A day at the beach is undoubtedly good for our wellbeing, and there are plenty of fabulous ones to choose from in Ibiza. But it’s important to remember that our coastal environment is also both sensitive and precious, and needs to be protected in the same way as we would our own health. Smoking at the beach is a prime example of something that is harmful on both fronts. Sadly, many smokers appear to view the sand as their personal ashtray. As well as containing microplastics, cigarette butts are also filled with toxic chemicals that leach into the sea as they degrade, killing local marine life.
Suncreams also tend to contain compounds that can cause harm to the local ecosystem. A recent study found concentrations of sunscreen chemicals accumulating in Posidonia oceanica, a key local plant responsible for absorbing large amounts of CO2 from the atmosphere and producing much of the oxygen that oxygenates the sea.
One of the biggest threats both to our own health and that of our environment is, of course, plastic. Once it enters the sea it breaks down into microplastic particles, which are ingested by marine animals and then enter the food chain, with potentially catastrophic consequences. Plastic ends up in the sea through a combination of littering, poor recycling practices, and by being washed down drains, such as in the cases of microfibres from washing clothes or microbeads from shower gels.
DID YOU KNOW?
- Cigarette filters are made of plastic fibres called cellulose acetate, which can take a decade to decompose. They contain harmful compounds such as arsenic, formaldehyde, ammonia, and heavy metals.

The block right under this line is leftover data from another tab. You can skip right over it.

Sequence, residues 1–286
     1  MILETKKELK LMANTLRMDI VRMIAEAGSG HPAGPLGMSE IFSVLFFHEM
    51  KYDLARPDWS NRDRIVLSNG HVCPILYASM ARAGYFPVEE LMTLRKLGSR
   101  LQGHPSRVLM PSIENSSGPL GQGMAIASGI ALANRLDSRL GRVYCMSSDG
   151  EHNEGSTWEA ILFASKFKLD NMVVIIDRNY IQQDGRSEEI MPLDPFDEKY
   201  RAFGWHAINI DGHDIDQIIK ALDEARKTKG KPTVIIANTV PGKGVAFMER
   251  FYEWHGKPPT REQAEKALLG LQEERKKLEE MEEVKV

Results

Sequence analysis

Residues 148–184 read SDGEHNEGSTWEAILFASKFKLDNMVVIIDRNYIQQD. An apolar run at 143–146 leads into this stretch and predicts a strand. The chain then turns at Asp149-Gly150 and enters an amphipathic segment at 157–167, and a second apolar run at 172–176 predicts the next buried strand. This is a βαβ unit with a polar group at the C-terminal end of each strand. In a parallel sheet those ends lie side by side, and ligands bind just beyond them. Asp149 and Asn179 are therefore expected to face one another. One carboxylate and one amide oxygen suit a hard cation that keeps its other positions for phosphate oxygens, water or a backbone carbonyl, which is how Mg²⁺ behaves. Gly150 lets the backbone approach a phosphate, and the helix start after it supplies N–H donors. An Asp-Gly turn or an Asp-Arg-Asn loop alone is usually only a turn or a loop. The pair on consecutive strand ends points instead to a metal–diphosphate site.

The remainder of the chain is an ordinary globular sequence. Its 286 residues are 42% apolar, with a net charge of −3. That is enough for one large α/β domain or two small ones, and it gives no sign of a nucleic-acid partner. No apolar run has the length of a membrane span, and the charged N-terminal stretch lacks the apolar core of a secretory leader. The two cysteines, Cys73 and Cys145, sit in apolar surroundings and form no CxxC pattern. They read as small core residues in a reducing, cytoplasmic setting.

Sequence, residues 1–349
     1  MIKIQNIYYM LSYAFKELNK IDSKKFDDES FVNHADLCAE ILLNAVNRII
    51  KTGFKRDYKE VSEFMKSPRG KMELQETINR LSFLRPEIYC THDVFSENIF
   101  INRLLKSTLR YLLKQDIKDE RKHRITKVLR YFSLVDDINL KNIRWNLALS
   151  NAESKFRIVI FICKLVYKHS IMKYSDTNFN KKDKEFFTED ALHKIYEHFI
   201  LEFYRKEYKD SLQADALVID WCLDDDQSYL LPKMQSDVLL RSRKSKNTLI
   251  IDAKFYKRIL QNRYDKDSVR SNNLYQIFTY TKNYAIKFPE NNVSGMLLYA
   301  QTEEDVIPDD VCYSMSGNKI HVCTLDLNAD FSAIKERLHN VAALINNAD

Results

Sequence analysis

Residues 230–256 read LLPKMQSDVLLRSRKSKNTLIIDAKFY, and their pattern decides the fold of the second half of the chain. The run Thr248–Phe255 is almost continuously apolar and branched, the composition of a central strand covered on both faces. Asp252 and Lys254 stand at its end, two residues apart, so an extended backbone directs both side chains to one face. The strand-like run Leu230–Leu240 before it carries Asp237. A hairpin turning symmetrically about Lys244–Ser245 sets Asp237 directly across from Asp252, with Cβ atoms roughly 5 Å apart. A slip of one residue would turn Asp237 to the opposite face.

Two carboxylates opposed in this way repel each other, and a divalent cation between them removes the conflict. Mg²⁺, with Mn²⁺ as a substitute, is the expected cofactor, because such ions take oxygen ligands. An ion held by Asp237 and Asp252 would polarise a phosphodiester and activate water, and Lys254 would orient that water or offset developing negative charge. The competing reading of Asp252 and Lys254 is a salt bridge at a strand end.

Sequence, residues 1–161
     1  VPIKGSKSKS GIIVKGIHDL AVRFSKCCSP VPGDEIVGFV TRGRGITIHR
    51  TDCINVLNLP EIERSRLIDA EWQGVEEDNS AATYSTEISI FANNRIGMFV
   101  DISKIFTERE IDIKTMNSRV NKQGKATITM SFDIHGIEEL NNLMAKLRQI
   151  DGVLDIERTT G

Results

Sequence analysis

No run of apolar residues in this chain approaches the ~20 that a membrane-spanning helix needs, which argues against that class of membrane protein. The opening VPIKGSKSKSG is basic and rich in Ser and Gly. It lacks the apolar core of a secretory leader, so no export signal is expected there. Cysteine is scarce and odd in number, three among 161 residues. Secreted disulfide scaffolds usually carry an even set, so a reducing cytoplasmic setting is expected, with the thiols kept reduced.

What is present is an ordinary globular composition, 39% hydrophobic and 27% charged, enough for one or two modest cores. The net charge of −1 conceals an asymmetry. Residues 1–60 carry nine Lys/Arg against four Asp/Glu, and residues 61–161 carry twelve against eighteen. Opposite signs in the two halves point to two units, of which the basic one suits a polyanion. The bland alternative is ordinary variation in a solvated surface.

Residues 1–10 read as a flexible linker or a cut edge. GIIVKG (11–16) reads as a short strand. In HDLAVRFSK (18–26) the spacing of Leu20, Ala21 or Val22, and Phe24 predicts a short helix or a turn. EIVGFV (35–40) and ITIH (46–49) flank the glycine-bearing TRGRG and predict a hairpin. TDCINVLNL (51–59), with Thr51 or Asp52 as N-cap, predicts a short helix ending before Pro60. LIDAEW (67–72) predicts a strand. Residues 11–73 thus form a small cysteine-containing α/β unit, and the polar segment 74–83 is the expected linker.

- One cigarette butt can pollute up to 500 litres of water.
- A 2010-2015 study found 4.5 million microplastic particles per km2 in San Antonio Bay.
- According to Australian scientists, we could all be ingesting up to 5 grams of microplastic particles – the equivalent of a credit card – every week.
WHAT YOU CAN DO
- If you’re a smoker, place your cigarette butts in a suitable receptacle and dispose of them in a bin away from the beach.
- As disposable vapes contain a battery, they should not be recycled or placed in the grey bin but instead be disposed of in a punto limpio or deixalleria, or back at a shop that sells them.
- Choose an eco-friendly, chemical-free sunscreen brand.
- Reduce plastic: choose drinks in glass or cans, and use a refillable water bottle where possible; refuse straws; take reusable bags to the shops; buy loose instead of pre-packaged fruit and veg.
- Always clean up after yourself and take your litter away from the beach with you, and always recycle correctly.